Captured with serious, bold and unflinching poses, the new exhibit “Nature LA: Birds of Prey” running into Jan. 5, 2014 at the G2 Gallery in Venice showcases Southland feathered flappers from the lens of Culver City-based photographer Jennifer MaHarry. These are the not the happy chirpers helping Cinderella that you’d see in a typical Disney movie; no these are raptors, serious and unflinching, thoughtful and daunting, birds that make you instantly realize how close genetically they are to their dinosaur ancestors.
MaHarry is best known for her poignant and intimate images of wild horses; she’s a long-time advocate against the government sanctioned roundups of wild mustangs and burros, events which, she says, allows for many organizations to buy these magnificent creatures and profit from their slaughter.
MaHarry’s current exhibition, however, features the beauty and power of local birds of prey; and it all came together by missed opportunities, an afternoon of 100+ temperatures, and perched turkey vultures eyeing her in the Arizona wilderness.
Earlier in the year, MaHarry had made arrangements to photograph a wild horse and burro roundup in Nevada; but unlike other times where she was allowed in to snap and capture images, BLM officials there denied all photographers from the event. “Everyone was hopping mad,” she recalls wondering how she could salvage this trip with some images. (MaHarry’s day job is a graphic designer working in the motion picture marketing arena.) She knew of a natural horse habitat in Arizona and thought, ‘Maybe I can find some,’” and booked a quick flight there.
So MaHarry was in the starkness of Arizona on an incredible hot afternoon. She didn’t find as many horses as she had hoped; but she was the object of interest from a group of turkey vultures that watched her from high above a rocky perch. “I watched them for a long time,” she says. “I saw how curious and social there were with each other and when I came back and read up on vultures. I was fascinated with them.”
MaHarry took that fascination to a broader scope and decided that if she couldn’t photograph horses, maybe another critter was calling to her camera. She contacted officials at local wildlife rescues – the Ojai Raptor Center and the California Wildlife Center – to see if she could photograph any birds of prey there. For months, she visited the centers to snap rehabilitated birds, many that would soon be released back to the wild.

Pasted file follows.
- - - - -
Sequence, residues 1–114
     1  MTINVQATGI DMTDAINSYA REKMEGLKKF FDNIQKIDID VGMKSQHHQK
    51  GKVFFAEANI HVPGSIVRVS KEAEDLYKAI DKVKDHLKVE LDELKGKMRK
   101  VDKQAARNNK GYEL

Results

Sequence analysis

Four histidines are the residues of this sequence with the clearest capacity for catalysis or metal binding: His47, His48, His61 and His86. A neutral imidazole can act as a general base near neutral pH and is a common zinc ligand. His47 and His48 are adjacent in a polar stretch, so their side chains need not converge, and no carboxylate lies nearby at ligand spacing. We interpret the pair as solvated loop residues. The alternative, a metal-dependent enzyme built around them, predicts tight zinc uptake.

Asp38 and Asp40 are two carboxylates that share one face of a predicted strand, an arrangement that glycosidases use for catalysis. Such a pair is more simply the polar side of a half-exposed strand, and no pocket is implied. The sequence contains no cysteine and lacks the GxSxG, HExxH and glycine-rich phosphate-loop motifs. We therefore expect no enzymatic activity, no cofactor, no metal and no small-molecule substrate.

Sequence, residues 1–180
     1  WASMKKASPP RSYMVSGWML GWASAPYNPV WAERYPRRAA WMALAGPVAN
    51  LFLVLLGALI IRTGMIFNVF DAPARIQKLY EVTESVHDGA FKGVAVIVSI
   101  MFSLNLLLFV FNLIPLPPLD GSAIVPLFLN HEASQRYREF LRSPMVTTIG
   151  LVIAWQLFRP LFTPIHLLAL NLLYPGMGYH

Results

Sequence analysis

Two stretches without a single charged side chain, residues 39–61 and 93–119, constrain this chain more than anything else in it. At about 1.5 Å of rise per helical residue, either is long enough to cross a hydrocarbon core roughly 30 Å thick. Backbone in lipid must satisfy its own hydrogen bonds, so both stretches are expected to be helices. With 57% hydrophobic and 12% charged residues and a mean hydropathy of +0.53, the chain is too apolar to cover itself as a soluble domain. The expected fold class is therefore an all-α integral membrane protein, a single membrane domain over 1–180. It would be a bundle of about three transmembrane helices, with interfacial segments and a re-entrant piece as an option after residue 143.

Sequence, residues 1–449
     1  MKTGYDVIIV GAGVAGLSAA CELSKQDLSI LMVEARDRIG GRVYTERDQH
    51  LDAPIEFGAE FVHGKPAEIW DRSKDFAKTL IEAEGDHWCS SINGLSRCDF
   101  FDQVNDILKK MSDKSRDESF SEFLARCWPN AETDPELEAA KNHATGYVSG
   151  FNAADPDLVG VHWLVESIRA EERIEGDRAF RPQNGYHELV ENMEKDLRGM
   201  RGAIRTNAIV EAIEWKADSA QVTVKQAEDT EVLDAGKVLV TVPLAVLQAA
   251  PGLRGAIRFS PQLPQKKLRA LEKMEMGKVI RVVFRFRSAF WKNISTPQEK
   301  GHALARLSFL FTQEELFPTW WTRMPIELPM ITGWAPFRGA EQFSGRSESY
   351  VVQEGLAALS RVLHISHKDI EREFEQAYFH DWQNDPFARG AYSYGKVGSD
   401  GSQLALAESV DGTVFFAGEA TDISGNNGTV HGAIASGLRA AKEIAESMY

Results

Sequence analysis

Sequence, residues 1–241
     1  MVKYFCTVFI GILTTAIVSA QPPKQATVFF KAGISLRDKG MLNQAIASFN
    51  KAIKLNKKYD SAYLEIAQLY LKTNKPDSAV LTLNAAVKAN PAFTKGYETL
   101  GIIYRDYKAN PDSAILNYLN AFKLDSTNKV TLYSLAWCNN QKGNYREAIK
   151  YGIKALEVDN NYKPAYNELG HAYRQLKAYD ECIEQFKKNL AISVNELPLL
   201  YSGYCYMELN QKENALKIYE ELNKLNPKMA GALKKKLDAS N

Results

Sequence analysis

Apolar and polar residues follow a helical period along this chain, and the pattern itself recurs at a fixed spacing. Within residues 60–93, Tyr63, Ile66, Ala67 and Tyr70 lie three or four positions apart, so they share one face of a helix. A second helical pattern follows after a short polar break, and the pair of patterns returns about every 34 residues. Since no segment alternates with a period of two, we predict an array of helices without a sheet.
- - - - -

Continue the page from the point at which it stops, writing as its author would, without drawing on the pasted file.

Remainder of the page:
Setting up a simple giant scrim as a backdrop, MaHarry found personalities of each of the birds of prey she photographed. The kestrel was skittish, the great horned owl was intimidating (“I read his talons, when clenched, exhibits 4,000 pounds per square inch of bone-crushing power”) and the screech owls were overwhelming adorable (“I had to keep hands in the photo so you could see how small they really are.”)
Cute-factor aside, these birds of prey impressed MaHarry with their wild and powerful nature. “I wanted to capture a soulful look from them, something that expressed who they are, these beings completely covered with the most beautiful feathers. No fighter pilot can achieve the natural agility and speed these birds possess without blacking out from the extreme G forces that the birds are able to endure.”
Among the portraits of local raptors – red tailed hawk, merlin, barn owl, short eared owl and more – at the exhibit, MaHarry’s image of the Arizona turkey vulture hangs as a testimony to her photographic journey.
Also, a raven is present, and while not necessarily a bird of prey, a bird that MaHarry wanted to include because of its intense intelligence.
MaHarry says she will continue to photograph wild horses and be a voice against their destruction, but this side road down the path of local raptors was a welcomed diversion. “I’d love people to realize that not all birds are cute little songbirds,” she says. “The world these birds live in is fierce. They are fighting every day for their survival. They are amazing creatures, worthy of our awe.”
— Brenda Rees, editor